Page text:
Johnson Matthey, a global chemicals and sustainable technologies group receives funding for a new battery materials plant in central Poland from two leading development banks.
The joint financing comprises a €90 million ($105.56 million) loan from the European Bank for Reconstruction and Development and a €45 million ($52.78million) loan from KfW IPEX-Bank.
Johnson Matthey will use the factory in Konin to produce cathode materials for electric car batteries. The plant will become the world’s first production site of the company’s branded eLNO, a portfolio of ultra-high energy density next generation cathode battery materials. These are expected to improve the performance of lithium ion batteries and help promote electric vehicle usage on a larger scale.
The production capacity in Konin will be 10,000 metric tons per year of eLNO, enough for around 100,000 fully electric vehicles. In addition, the site, which will start production in 2022, has the potential to expand tenfold through further investment. Construction of the plant began this year. The company is also building a plant for eLNO battery materials in Clitheroe, UK.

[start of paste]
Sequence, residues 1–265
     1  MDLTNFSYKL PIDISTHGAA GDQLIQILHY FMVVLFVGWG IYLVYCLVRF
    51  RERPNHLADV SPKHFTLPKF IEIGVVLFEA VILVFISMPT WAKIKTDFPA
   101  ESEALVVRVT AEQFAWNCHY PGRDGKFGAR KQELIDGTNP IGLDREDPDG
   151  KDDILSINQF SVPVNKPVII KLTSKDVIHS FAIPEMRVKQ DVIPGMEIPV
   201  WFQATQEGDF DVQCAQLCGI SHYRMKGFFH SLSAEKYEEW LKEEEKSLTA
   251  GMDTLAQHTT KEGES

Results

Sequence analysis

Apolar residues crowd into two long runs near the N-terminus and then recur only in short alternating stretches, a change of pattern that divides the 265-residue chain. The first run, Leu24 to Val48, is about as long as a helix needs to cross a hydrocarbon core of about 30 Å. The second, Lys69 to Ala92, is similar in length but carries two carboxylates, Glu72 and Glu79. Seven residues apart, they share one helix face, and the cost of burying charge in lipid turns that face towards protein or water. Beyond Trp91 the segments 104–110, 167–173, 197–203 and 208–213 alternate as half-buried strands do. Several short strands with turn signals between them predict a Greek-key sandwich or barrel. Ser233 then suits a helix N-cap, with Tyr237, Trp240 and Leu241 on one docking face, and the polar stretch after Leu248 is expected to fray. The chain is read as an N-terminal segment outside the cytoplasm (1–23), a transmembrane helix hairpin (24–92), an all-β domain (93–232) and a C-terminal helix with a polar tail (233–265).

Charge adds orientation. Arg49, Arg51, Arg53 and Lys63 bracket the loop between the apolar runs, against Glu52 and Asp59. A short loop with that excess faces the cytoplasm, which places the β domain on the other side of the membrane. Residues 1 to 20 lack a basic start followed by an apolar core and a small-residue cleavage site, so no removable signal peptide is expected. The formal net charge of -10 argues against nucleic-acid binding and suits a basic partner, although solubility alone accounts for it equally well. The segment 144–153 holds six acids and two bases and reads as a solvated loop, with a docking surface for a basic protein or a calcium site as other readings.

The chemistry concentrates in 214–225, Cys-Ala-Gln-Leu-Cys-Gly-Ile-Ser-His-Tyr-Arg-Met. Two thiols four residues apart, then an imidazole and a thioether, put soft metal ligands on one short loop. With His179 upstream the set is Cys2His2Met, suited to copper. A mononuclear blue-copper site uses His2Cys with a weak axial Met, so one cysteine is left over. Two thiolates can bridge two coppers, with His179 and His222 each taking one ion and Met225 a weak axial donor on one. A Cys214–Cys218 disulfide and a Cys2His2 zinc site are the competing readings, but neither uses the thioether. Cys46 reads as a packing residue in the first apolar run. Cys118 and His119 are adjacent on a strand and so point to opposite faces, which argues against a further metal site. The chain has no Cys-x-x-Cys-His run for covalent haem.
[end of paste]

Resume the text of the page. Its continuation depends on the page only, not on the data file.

Johnson Matthey aims to make the manufacturing of its products energy efficient by using automation technology and electricity from renewable sources.
The group also plans to reduce emissions from battery production to minimise the environmental impact and has committed itself to the United Nations’ Sustainable Development Goals. More broadly, as part of the Global Battery Alliance, the company is helping to make the battery value chain more sustainable.
“Construction of the new plant in Konin is a significant milestone in the commercialisation of our eLNO battery cathode materials. Supported by this funding, we plan to have eLNO in production on auto platforms by 2024, enabling the shift to electric vehicles and a cleaner, healthier world for us all,” Christian Günther, Chief Executive, Battery Materials at Johnson Matthey said.